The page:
Skip to main content

The conditional tense

Watch this to explore the Conditional tense for Higher French (…what would you do if you won the lottery?)

search thinkfour.

Have you ever thought what if ……?

What if you won the lottery? Would you be grinning from ear to ear? I know I certainly would!

What would you spend your money on? An exotic holiday, a fancy house, loads of designer clothes …?

Speculating about what could happen and what you would do, uses what is called the CONDITIONAL tense. This tense is used to refer to hypothetical events and most often translates as WOULD or COULD in English.

Let’s delve into the realms of possibility.

This is Thinkfour

Let’s start at the beginning. Before getting into how to use the conditional, it’s important to know why to use the conditional: What does it mean, and why and when should you be using it?

The conditional is used in French to express events that are not guaranteed to occur—events that depend on certain conditions to come true.
Of course, we express these ideas in English, so why does it sound so weird when we tackle the conditional in French?
In English, when we speak, we use helping verbs like “would” and “could.” In French, you need to use a whole new conjugation to get the same meaning. This is one of the reasons that the conditional tense can seem a bit tough at first, but I promise, it’s not really all that complicated!

To form the conditional tense in French, you must start with the future tense stem.

For regular ER verbs, this stem is the same as the infinitive: if we take our old favourite example, jouer – to play
jouer is the future stem

For regular IR verbs, like finir, the stem is the same as the infinitive as well: finir – to finish

For regular RE verbs, like attendre, the stem is the same as the infinitive, minus the final “e”: attendr-.

There are several irregular stems in the future tense ; these irregular stems are the same in the conditional tense. Here are a few of the usual suspects:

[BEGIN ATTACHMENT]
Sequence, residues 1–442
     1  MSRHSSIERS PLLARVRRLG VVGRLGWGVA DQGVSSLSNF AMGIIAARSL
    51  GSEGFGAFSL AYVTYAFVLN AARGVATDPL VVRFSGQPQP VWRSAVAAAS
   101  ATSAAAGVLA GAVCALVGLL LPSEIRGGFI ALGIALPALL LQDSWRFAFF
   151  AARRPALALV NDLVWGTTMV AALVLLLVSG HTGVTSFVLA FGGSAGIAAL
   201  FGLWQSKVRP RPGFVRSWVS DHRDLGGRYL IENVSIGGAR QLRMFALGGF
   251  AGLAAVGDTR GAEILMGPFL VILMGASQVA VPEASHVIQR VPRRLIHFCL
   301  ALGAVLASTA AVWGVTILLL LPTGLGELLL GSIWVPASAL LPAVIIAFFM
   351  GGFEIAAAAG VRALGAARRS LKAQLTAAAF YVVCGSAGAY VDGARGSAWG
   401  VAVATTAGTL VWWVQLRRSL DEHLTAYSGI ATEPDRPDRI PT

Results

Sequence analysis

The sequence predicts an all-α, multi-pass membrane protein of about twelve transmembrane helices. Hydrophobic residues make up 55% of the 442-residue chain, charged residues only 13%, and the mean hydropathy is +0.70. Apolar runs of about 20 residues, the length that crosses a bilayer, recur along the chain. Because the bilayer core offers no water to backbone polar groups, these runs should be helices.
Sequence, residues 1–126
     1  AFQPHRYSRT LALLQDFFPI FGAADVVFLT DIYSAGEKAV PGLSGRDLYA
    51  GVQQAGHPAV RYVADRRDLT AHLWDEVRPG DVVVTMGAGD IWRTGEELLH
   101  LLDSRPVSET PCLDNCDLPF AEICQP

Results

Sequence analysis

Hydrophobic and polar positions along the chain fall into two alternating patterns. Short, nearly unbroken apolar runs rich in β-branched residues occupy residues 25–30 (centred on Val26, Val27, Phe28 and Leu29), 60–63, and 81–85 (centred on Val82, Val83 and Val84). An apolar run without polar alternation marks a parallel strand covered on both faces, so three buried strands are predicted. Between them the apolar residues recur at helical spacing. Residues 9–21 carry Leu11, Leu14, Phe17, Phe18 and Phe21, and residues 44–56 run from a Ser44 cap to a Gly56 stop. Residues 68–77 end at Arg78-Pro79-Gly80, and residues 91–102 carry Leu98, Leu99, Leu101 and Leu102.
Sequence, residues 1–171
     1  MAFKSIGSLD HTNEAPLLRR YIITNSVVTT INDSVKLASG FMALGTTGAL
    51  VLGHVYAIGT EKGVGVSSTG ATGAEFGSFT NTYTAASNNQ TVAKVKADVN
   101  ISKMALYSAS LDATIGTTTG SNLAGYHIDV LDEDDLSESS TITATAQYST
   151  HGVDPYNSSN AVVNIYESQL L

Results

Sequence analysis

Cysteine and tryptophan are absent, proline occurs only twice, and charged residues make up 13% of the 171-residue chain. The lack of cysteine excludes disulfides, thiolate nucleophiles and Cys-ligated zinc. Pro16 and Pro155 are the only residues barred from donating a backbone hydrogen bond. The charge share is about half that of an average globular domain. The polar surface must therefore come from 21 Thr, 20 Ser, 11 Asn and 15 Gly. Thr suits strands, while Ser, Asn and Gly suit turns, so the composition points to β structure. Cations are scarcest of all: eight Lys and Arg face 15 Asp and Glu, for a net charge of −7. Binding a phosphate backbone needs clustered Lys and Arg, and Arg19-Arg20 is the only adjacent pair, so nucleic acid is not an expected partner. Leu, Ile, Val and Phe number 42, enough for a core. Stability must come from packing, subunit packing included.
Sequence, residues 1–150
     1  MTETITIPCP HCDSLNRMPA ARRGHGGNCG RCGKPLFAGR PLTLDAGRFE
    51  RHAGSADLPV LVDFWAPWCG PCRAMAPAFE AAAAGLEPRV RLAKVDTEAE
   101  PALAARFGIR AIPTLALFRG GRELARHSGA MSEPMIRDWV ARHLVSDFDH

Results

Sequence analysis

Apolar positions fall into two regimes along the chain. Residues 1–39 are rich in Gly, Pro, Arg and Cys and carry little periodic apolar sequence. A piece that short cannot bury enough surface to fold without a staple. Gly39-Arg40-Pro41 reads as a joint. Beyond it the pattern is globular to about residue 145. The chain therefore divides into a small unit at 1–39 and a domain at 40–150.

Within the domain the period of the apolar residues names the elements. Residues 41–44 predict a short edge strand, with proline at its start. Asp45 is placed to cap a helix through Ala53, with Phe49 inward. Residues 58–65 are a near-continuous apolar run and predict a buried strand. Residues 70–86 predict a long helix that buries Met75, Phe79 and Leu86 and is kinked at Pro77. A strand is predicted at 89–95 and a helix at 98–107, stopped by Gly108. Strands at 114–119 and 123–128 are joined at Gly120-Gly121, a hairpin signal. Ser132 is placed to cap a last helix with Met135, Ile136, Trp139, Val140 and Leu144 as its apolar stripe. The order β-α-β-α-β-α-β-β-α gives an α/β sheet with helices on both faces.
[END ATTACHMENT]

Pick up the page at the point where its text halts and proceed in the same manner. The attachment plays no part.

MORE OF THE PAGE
Avoir — aur–
Etre — ser-
Faire — fer-
Aller — ir-

To these stems, add the conditional tense endings as you can see on screen.

Je -ais
Tu -ais
Il/Elle/On -ait
Nous -ions
Vous -iez
Ils/Elles –aient

And that’s it!
Much simpler than you expected, right?

If you know the rules for the future tense, you’re more than halfway there. All you need to learn now is when it’s appropriate to use the conditional tense.
Every time you want to say would or could in English, that is when we use the conditional tense in French.
The best example is in your Directed Writing essay when you are given the opportunity to say whether you would recommend the visit to France.
This is the perfect chance for you to showcase your use of the conditional tense in French.
Look at this example using the verb recommander – to recommend

It is a regular ER verb, so the future stem is recommander, just like the infinitive , and all we do is add on the conditional tense ending..ais
Je recommanderais – I would recommend.

So, back to ‘what if’….

What if you won the lottery? Well, unfortunately, that’s a pretty slim possibility for all of us.

But, what if you were to master the conditional tense….what if you were to use an example in your directed writing essay? Well, I would guarantee that your marks would improve!

The possibility is in your hands to control.

This was Thinkfour; Thank you for watching.

Close Menu